Assets, liability, and equity are the three components of a balance sheet. In order for the balance sheet to be considered “balanced”, assets must equal liabilities plus equity. These three categories allow business owners and investors to evaluate the overall health of the business, as well as its liquidity, or how easily its assets can be turned into cash.
The Accounting Equation
It’s a big name for a simple-looking formula (Seriously, doesn’t “the accounting equation” just sound important?). But the accounting equation plays a major role in understanding how to read your balance sheet.
Assets = Liabilities + Equity
To understand the accounting equation, it’s important to remember what the goal of a balance sheet is. The balance sheet, unlike the income statement or other financial reports, is a snapshot of your business in a specific moment. While the income statement shows how well your company did or didn’t do over a period of time, the balance sheet simply asks, “So what?”
Maybe you had a bad quarter and missed your revenue goals. So what? How did it affect the health of your company overall? The balance sheet will tell you that.
To put the accounting equation into the simplest terms, think of the left side of the equation as everything your business possesses. The right side of the equation tells you who owns it—you or someone else. For example, when you buy a new car, you get to drive it around, but until you pay it off entirely, you own some of it (equity) and a bank owns some of it (liability). What a balance sheet does is show you all the component parts of your business and then break down who owns what—and what you’re on the hook for.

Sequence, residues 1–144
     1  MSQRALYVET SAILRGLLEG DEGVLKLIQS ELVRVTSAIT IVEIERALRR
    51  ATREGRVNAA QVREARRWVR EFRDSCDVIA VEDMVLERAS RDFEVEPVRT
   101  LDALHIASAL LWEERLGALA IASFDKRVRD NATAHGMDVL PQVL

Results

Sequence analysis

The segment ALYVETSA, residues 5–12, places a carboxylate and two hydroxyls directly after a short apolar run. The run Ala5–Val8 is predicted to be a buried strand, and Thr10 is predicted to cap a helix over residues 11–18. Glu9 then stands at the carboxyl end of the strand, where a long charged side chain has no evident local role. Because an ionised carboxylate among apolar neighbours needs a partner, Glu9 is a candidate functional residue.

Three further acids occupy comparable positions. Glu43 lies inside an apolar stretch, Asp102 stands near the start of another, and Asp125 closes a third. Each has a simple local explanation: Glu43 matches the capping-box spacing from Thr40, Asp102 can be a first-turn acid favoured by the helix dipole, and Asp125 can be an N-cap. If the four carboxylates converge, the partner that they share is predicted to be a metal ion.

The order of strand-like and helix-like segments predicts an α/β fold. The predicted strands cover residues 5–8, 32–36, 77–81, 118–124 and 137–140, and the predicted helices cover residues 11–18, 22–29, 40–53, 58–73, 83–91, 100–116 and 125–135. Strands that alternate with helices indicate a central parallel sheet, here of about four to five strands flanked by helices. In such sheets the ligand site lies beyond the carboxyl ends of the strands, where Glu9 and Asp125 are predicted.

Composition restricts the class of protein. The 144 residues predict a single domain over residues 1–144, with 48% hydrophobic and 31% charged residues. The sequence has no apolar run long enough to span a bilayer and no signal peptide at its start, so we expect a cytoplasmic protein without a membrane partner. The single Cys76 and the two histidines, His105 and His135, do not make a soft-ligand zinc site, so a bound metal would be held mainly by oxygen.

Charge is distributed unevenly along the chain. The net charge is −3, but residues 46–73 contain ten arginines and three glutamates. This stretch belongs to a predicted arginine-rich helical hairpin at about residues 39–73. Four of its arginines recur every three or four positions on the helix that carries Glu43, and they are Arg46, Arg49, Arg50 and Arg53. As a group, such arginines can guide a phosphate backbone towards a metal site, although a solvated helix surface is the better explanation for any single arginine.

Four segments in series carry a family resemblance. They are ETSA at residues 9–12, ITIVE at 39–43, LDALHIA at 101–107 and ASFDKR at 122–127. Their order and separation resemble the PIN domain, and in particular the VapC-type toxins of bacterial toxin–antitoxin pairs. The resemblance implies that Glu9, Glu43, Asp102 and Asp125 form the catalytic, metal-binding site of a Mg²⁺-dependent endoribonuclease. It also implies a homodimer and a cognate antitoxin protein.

Let’s break down each part of the equation in more detail.
Assets mean anything that a company possesses. This doesn’t necessarily mean that the company owns those things, simply that they have them in their possession. A balance sheet is often shown in two columns, and you’ll find assets listed in order of liquidity in the left column.
At the top of the assets list on the balance sheet are anything that could be easily liquidated. This includes cash and other cash equivalents.
These cash amounts are usually followed by assets that the company is owed, but are not in their possession yet. Think accounts receivable where outstanding invoices and payments will translate to cash in the coming months. As a rule of thumb, any assets that could be turned into cash within a year are considered current assets.
Toward the bottom of the asset list are Property, Plant, and Equipment. These are the company’s assets that would be difficult to liquidate quickly. You may have several delivery vehicles in your possession, for example. It’ll take some effort to sell them if you need to.
The reason assets are subdivided into categories based on how easily they can be liquidated is to show anyone interested in your books (read: lenders or investors) how able you are to pay off debts and liabilities. If all of your assets are tied up in property and equipment and you have very little cash on hand, that could signal potential cash flow problems.